Our data show that the IFITM3-SNP, rs12252 is associated with disease severity following influenza virus infection in the Chinese population. IFITM3 restricts the replication of influenza virus infection in humans and mice; however, IFITM3 CC homozygotes are more likely to suffer severe respiratory pathology in both UK Caucasians and Han Chinese. Larger scale studies are urgently required to determine whether genotyping for IFITM3-sn12252 in Han Chinese and other Asian patients infected with influenza virus can predict those who might progress to severe disease early in their infection. In these it might be possible to improve their prognosis by early intensification of their treatment. In addition, genotyping should be considered when selecting patients for clinical trials and for studies of influenza virus infection, especially those involving virus challenges with a low pathogenic virus. SNP typing in China costs ~US$8 per sample, and this could be done in most large hospital laboratories.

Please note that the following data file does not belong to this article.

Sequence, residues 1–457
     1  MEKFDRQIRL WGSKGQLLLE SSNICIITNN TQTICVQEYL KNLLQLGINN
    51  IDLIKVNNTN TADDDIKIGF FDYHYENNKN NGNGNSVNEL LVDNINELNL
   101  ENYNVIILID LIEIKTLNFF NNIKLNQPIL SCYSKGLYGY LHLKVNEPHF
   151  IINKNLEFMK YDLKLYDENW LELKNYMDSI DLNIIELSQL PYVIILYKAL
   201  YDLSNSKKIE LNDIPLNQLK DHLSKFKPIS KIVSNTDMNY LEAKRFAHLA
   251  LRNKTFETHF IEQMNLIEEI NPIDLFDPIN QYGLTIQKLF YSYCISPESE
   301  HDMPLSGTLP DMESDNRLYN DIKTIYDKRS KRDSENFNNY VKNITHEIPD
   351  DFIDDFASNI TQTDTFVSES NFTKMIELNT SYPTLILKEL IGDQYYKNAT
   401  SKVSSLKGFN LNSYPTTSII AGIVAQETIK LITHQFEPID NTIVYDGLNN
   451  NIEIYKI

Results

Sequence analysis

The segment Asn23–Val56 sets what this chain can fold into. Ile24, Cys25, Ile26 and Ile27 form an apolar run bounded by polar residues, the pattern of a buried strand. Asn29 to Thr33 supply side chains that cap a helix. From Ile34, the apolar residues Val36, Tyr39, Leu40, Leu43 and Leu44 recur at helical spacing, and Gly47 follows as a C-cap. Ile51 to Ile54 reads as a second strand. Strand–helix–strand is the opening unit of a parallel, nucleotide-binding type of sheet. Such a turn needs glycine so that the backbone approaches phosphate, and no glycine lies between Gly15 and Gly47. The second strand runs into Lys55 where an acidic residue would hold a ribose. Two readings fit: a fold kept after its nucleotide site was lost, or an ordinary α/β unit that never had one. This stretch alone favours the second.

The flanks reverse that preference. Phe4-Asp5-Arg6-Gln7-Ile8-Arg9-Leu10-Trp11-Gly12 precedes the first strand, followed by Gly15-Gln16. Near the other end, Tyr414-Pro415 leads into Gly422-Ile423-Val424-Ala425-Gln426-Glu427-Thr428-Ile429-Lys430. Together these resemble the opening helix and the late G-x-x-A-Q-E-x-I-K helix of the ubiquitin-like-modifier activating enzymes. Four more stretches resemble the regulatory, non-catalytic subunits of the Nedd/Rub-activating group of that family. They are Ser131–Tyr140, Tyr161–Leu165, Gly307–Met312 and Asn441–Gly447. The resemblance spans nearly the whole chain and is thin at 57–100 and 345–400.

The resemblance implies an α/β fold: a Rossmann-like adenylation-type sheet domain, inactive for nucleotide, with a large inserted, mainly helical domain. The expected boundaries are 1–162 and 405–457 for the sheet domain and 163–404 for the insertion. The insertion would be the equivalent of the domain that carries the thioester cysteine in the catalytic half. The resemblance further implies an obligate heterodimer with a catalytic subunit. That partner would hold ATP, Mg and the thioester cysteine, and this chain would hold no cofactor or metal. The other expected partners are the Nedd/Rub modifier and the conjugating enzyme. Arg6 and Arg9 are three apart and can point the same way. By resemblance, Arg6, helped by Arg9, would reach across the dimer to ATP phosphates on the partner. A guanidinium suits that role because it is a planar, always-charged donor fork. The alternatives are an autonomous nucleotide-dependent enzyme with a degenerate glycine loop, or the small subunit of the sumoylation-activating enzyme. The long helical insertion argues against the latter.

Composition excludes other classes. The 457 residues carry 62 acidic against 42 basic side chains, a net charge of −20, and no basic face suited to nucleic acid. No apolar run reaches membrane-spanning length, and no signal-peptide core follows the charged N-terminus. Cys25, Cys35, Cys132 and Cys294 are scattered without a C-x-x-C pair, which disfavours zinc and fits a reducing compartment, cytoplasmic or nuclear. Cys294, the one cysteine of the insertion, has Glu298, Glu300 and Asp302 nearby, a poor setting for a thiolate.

The IFITM3 effect is not dependent on influenza virus subtype, restricting both influenza A and B viruses4. In this study, we showed an effect on severity of a low pathogenic influenza A virus in humans. For a more pathogenic virus such as the avian H5N1 influenza virus that has a high fatality rate (59%)6, it is possible that the CC genotype could enhance the disease or that the virulent virus overrides the usual protective effects of the CT and TT genotypes. This will need further study. Future studies will also ask whether the disease course differs between severely infected patients who have the CC genotype and those with the CT or TT genotypes.

It is intriguing that the CC genotype4 is rare in Northern Europeans and common in Asian populations. As many other viral infections are restricted by IFITM3 in vitro, including severe acute respiratory syndrome (SARS) coronavirus, Dengue virus and West Nile virus1,7 the high population allele frequencies may have been influenced by complex virus exposures.